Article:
MORGANTOWN, W.Va. (WV News) — The tweet went out on Feb. 6, when you think of it, not that long ago. It was a WVU Basketball tweet, a picture of Levi Phillips in the Hall of Traditions at the WVU Basketball Facility, looking at a basketball from another era … a “Jet” basketball that was autographed.
His name was not the featured name, that belonging to the great Wil Robinson, the top scorer ever to play in the Coliseum, but the basketball was his, for it was the one 50 years earlier he had used to score the first basket in the history of the Coliseum, which is the most iconic building on the West Virginia campus.
Phillips, who died in Charleston at age 69 on Tuesday after a long illness, had donated the ball to the Hall of Traditions after much prodding from his longtime friend and Mountaineer coach Bob Huggins.
It took Huggins almost as long to get the donation as it did get his car back, the car he had loaned to Phillips in the year he sat out after transferring from Ohio University to West Virginia.
Huggins was a sophomore and Phillips a senior then and the way Huggins told the story when they were celebrating 50 years of the Coliseum that Phillips said he had some errands to run and asked Huggins to borrow his car.
While running errands, Phillips ran into a lovely young lady, probably a coed, who needed a ride to Fairmont.
“Why not?” thought Phillips, and this is where Huggins’ version of the story differs from Phillips.
Phillips, both agree, was late returning the car.
“Two hours,” Phillips insisted.
“Two days,” countered Huggins.
And so it stood over the years, the two close friends who could laugh over it.
Huggins, of course, returned to WVU, Phillips evenutally returned to Charleston, where he was a star at Charleston High School on a team that won 48 consecutive games from 1967 to 1969, something that obviously gave Phillips as much pride, or more, than scoring the first basket in the Coliseum.
In fact, he saw that he brought it up when interviewed by the late sportswriter Mickey Furfari about six years ago.
“We set a state record winning 48 straight games and the record still stands,” Phillips told Furfari.
But when you think of Levi Phillips, you think of the Coliseum basket.
“It’s my claim to fame,” he admitted.
Clearly, the team belonged to Robinson, who averaged 30 points a game with 838 points in just 28 Coliseum games He reached 30 or more 15 times and 40 four times, including his final two games of his senior season.
But if the team belonged to Robinson the first big moment in the building that WVU still calls home belongs to Phillips … and he scored it, if you can believe it, following up a missed shot by Robinson.
“Wil was our shooter,” Phillips said on MetroNews “Talkline” this past winter. “He shot it and it bounced out to the free throw line and I put it back in.”
In all, he made five shots in that 113-92 win over Colgate on Dec. 1, 1970.
Robinson scored 39 points in the game.
But back to Huggins, Phillips and the basketball.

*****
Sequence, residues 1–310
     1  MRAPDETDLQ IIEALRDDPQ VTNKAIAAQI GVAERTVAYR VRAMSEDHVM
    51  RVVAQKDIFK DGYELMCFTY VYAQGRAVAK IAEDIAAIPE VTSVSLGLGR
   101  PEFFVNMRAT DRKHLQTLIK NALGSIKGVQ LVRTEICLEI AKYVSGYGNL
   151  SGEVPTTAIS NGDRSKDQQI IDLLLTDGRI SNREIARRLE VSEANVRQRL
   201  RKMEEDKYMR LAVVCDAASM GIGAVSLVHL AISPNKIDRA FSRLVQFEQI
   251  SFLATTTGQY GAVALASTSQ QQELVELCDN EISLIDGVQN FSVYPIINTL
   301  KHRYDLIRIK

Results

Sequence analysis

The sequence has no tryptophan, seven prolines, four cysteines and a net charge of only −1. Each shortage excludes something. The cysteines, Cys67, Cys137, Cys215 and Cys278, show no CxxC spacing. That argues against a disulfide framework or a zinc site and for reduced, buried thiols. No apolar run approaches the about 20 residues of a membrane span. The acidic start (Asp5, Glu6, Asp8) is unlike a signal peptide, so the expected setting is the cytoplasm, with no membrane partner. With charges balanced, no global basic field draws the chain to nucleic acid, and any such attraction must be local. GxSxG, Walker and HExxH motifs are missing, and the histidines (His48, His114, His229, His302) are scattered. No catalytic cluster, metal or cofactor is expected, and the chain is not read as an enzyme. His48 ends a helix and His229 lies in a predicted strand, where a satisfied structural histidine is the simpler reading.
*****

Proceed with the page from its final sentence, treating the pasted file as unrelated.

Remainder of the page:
When Huggins returned to WVU to coach, he went on a statewide tour to make contact with the fans. In Charleston, though, he would not miss out on his old friend, Levi Phillips
After warmly embracing, Huggins asked Phillips “You still got the ball, Levi?”
“No hello, nothing … ‘Where’s the ball?’ Phillips said, telling the story. “He wanted that ball.”
Two years later, Phillips donated the ball to West Virginia.
One final Levi Phillips story that was related by WVU historian John Antonik and it’s about how Phillips wound up at WVU. In 1969 he was the school’s No. 1 recruiting target
Sonny Moran, with his top recruiter, Gary McPherson, were trying to land Phillips but Purdue was also hot on him and the coach there was the former WVU coach George King a big-time recruiter who helped bring in Hall of Famer Rod Thorn, Fritz Williams and who got All-American guard Rick Mount to Purdue.
Moran and McPherson made a late home visit to Phillips in Charleson and at a moment when Phillips had left the room, his mother let the two coaches know how she felt on the matter.
“I just love that man, George King,” she said “He’s such a gentleman, but I don’t want my son to leave the country to go play basketball at Peru.”
McPherson saw an opening and said, “You know, Mrs. Phillips, Peru is an awfully long way from Charleston.”
When Phillips returned to the room, she asked him why he would leave the country to play basketball?
“I said, ‘Mom, it’s in Indiana,’” Phillips remembered, laughing.
Didn’t matter, she was having her son go to WVU.
And so it was he was in position to score the historic first basket in the Coliseum, although he revealed that after the game, when athletic director Red Brown presented him with the ball, “I didn’t even realize I had scored that first basket.”
Phillips was a solid player, sometimes spectacular. He is one of only three Mountaineers to ever have recorded a triple double, getting his in 1974 against Virginia Tech.
And, on Dec 1, 1973 against Pitt, he joined Eartha Faust, Jerome Anderson, Larry Carr and Warren Baker to make up the first all-Black starting lineup at WVU.